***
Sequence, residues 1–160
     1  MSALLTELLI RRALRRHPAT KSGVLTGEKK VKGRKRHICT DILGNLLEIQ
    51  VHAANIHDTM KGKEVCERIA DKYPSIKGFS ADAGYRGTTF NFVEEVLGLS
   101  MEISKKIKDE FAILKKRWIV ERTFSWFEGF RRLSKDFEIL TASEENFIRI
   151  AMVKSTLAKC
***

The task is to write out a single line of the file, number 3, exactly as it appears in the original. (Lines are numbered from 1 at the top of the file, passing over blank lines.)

    51  VHAANIHDTM KGKEVCERIA DKYPSIKGFS ADAGYRGTTF NFVEEVLGLS